Because I'm feeling sort of tired and a bit lazy, trying to catch up on my Christmas reading, and because things scroll by so fast, here are some links:
"Prediction is difficult, especially about the future." Who said it? Bohr leads Berra, but Yogi closing the gap. And what about Borat?
What's that breaking sound? Just more breakage for this guy: Santa Bush and the Christmas Barn Rules. He broke it. He'll fix it, sort of. Oh oh oh. (Photo)
Bush Iraq policy summarized by The Donald. He may be a litigious lunatic about Rosie, but he's right on about Bush.
Fighting the winter blues: Here in Madison we didn’t get London’s fog or Denver’s blizzard. No, just a steady December drizzle all day long on the shortest day of the year -- the Solstice, celebrated by making an ice lantern by the side of a dark and thawing lake and lighting the candles. With photos and a passing discussion about Robert Frost and the Solstice, including link to Library of Congress handwritten manuscript of “Stopping by Woods on a Snowy Evening.”
Rust Belt Blues: Partly an overview of the history and sociology of Kalamazoo, partly a personal meditation on the self-loathing malaise she sees running through her adopted Rust Belt city like a buried stream of toxic waste, Jaimy Gordon's essay, "Little Man in the Woods," is set in the town that once headquartered Gibson Guitar and other companies, now gone. Self-hating towns and their residents. With update on China connection in the comments.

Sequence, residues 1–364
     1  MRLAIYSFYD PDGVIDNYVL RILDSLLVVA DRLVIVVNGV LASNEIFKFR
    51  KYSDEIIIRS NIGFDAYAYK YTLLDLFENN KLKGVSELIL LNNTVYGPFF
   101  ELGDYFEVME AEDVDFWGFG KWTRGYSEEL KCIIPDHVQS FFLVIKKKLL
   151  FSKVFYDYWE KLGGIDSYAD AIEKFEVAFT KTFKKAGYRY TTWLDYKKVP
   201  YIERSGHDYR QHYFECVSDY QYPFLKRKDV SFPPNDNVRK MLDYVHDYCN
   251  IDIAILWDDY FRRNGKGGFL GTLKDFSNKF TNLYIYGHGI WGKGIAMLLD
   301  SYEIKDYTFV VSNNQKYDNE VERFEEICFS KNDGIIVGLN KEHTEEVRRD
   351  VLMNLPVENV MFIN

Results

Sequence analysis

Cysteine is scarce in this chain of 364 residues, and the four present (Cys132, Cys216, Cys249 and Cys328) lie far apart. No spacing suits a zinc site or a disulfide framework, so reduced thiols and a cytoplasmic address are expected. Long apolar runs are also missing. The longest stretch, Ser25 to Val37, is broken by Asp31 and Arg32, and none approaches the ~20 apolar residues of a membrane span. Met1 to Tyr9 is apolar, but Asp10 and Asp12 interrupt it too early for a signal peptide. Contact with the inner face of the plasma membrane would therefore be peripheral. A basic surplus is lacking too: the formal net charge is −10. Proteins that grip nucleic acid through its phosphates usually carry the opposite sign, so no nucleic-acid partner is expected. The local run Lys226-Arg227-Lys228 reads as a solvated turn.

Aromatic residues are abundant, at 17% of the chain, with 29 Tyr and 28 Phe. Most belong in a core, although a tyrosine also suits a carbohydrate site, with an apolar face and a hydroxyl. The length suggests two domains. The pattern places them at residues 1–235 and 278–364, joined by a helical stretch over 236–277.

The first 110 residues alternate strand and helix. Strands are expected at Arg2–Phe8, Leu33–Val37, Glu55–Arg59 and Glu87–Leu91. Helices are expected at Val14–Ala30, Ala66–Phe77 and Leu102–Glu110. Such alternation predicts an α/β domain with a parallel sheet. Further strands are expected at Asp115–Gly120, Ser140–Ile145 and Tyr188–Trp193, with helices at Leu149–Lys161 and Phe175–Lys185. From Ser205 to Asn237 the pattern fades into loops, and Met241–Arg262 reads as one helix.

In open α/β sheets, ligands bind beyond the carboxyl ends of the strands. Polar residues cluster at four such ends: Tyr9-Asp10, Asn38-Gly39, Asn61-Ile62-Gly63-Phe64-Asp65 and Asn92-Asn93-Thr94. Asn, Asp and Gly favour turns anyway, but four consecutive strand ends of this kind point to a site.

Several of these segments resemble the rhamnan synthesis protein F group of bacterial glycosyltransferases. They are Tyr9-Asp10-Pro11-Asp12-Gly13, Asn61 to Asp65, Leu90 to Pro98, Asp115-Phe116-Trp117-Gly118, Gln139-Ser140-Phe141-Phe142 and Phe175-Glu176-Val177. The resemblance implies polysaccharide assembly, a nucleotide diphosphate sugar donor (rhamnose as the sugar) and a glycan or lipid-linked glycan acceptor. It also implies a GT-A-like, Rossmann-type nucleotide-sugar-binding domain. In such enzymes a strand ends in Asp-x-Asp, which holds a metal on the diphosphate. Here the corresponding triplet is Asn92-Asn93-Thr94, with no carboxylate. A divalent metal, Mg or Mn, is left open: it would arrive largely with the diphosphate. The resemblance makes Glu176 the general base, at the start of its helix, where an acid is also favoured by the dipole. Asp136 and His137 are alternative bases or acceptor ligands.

The Unbearable Lightness of Listening to Bush. Not winning, not losing, gonna hang in there, more troops, wouldn't be there if we couldn't succeed. Nothing new and I drive off to work, scanning the radio stations for the news conference. Can't find it. That figures. Must not be important.
The magpie theory of book selection in the library: Of course I had to check out the book once I saw the bright yellow slip sticking out of it.
The Dr. Pangloss "Best of All Possible Worlds" Award goes to David Brooks. For actually writing “In general, poor people today live at about the same standard of living as middle-class people did in the 1960s.” Relying on American Enterprise institute research does that to people.
The calendar says three months, but in Wisconsin winter lasts six months. Seeing is believing: The meteorology of winter in Wisconsin. (And according to the calendar "winter" hadn't even started!)
The bloodless abstraction of a lot of the neoliberal discussion about Chile, rooted in the murderous abstractions of the Cold War, is so reminiscent of the arguments with similar historical origins (Jeane Kirkpatrick = mother of all neocons?) used to sell the Iraq war. in both cases, realpolitik over principle, with the result that real people -- not abstractions -- were killed and tortured. Nothing can justify that. When the pull of abstraction gets too strong, take a moment to read about Victor Jara.